Hence, because the Moon Movement produced this volume, I could not help but approach it with considerable skepticism. This doesn't mean that I believe the contributors are necessarily being deceitful or manipulative. They may very well believe what they say (perhaps tempering their remarks out of "politeness" to the sponsor), for they could have been selected because their sympathetic views were known in advance.
That their views - with a few minor exceptions - are sympathetic to the Unification Church is obvious, even upon casual skimming. This one-sidedness is not necessarily grounds for rejection, for one-sided treatises can sometimes intelligently articulate a given perspective on an issue. But acknowledging and trying to rebut intelligent, opposing opinions enhances credibility.
I found no such acknowledgments in The Family and the Unification Church. The main criticisms against the UC - deception, extreme manipulativeness, economic and political abuses - are not dealt with, let alone challenged. In fact, the only recognized criticism of the UC occurs in the context of superficial "ad hominem" critiques of the "anti-cult movement" ("in its simplest form the anti-cult ideology constituted a classic illustration of a conspiracy theory" - p. 4) that create the impression that no valid criticism of the UC exists.
So what does the book offer? It offers fifteen essays grouped into four topic areas: conflict and commitment; contrasts and comparisons; responses to challenges (written by members of the UC); and theological and philosophical assessments.
In the first section, David Bromley and Anson Shupe restate their superficial "anti-anti-cult" "conflict theory," trying to show in this essay that the UC has been treated as the "archetypal cult" because of "(1) the pattern of conflict engendered with other powerful groups and (2) the organizational requisites of the anti-cult movement" (p. 2). Nowhere is any consideration given to the possibility that maybe - just maybe - the UC does things that deserve to be criticized.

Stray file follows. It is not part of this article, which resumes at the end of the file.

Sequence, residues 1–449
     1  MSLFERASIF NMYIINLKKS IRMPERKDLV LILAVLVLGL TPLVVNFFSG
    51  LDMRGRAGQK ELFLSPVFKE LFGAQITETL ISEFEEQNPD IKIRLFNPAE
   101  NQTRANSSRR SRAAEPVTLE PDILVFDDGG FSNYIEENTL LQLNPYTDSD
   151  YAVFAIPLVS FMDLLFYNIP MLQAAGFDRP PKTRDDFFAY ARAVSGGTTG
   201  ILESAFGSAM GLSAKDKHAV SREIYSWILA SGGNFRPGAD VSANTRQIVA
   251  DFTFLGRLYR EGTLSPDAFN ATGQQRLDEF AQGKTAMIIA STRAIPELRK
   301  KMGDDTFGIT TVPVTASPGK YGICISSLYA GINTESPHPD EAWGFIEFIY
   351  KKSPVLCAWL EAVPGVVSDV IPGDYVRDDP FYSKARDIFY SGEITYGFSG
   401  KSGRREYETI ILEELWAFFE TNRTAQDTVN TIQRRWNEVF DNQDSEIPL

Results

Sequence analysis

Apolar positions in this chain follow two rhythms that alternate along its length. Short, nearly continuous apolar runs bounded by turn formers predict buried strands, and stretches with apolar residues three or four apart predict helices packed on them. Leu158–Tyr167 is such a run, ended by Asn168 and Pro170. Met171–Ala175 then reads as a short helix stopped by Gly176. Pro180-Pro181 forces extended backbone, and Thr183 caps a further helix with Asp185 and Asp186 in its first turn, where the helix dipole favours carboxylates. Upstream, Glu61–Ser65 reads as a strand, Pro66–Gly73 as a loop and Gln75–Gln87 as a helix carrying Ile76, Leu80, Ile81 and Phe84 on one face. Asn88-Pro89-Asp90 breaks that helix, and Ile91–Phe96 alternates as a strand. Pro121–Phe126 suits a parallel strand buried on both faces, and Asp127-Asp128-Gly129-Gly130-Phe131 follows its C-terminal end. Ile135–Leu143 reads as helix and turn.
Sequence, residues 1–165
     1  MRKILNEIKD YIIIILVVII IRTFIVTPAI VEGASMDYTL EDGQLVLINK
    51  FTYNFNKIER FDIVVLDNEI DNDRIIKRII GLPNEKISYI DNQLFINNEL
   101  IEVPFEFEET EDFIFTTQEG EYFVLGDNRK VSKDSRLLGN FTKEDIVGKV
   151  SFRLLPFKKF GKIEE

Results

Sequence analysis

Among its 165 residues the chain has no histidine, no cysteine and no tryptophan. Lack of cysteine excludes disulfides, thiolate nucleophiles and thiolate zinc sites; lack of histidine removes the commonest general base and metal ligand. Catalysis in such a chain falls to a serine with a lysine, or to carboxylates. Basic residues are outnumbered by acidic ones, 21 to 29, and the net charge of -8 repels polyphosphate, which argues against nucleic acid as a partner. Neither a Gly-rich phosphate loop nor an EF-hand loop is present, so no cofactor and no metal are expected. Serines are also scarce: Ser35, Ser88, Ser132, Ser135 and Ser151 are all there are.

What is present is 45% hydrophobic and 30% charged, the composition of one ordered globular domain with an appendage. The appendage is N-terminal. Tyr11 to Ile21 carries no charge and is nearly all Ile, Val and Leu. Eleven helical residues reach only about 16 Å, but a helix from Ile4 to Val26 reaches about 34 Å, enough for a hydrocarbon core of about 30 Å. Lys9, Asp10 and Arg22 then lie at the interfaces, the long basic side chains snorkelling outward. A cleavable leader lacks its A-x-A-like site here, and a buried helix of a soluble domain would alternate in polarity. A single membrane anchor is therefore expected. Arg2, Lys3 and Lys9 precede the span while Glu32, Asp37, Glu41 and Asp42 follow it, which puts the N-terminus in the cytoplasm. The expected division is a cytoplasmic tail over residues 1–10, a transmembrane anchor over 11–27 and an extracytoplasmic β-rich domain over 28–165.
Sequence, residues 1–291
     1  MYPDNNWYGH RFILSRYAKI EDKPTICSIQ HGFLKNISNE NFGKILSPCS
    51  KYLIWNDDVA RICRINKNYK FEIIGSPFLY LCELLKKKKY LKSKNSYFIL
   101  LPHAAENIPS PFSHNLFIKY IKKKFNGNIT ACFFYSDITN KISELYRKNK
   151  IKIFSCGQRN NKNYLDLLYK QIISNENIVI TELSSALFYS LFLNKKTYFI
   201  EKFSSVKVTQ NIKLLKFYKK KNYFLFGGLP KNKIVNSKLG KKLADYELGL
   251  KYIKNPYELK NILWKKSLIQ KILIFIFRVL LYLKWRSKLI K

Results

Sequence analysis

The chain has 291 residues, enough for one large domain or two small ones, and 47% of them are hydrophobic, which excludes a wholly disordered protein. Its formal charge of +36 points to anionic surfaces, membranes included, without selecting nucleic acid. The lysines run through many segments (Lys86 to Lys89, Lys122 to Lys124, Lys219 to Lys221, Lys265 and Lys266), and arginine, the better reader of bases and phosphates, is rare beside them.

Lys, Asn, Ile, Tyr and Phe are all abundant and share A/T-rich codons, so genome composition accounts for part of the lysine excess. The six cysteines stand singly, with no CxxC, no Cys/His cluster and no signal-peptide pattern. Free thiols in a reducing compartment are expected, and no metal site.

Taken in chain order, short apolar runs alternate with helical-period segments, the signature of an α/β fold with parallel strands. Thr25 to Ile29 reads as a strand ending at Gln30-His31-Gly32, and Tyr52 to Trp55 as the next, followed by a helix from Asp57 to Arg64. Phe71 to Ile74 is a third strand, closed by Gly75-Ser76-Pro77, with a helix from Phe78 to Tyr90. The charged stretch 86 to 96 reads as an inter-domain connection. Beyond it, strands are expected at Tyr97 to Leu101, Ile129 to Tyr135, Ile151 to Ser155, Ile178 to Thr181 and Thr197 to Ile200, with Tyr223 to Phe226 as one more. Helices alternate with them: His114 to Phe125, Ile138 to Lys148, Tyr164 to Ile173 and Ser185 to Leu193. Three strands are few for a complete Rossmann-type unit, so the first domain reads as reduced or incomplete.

Most of the authors appear to assume that people join the UC because they believe in and are attracted to its doctrine. Kenneth Ambrose (in "Function of the Family in the Process of Commitment Within the Unification Movement"), on the other hand, at least lightly touches upon the notion that noncognitive factors may influence commitment. He notes the importance of personal attachments and commitment actions, a view opposed by Frederick Sontag (in "Marriage and the Family in Unification Church Theology"), who contends that belief in the Divine Principle is the primary determinant in conversion to the UC.
Other articles suggest that somehow the Unification Church is pro-family, appearing "anti-family" because it spiritualizes the family in a nonspiritual world. In a sense this is true: if one accepts the UC definitions of "family" and "spiritual". But that's the rub. The vast majority of us who grew up in contemporary America don't see the family the same way the UC does. Confusion arises because people attach different meanings to the same word without admitting that others see it differently.
In short, if one wants to know how the Unification Church would like itself to be seen, one can find much of interest in the book: it does reveal something about how the UC sees the "family." If, however, one wants to understand the "family" (according to the word's meaning in western culture) and the Unification Church, one will do better to look elsewhere.
Michael D. Langone, Ph.D.,Director of Research and Education,
American Family Foundation
Cultic Studies Journal, Vol. 5, No. 2, 1988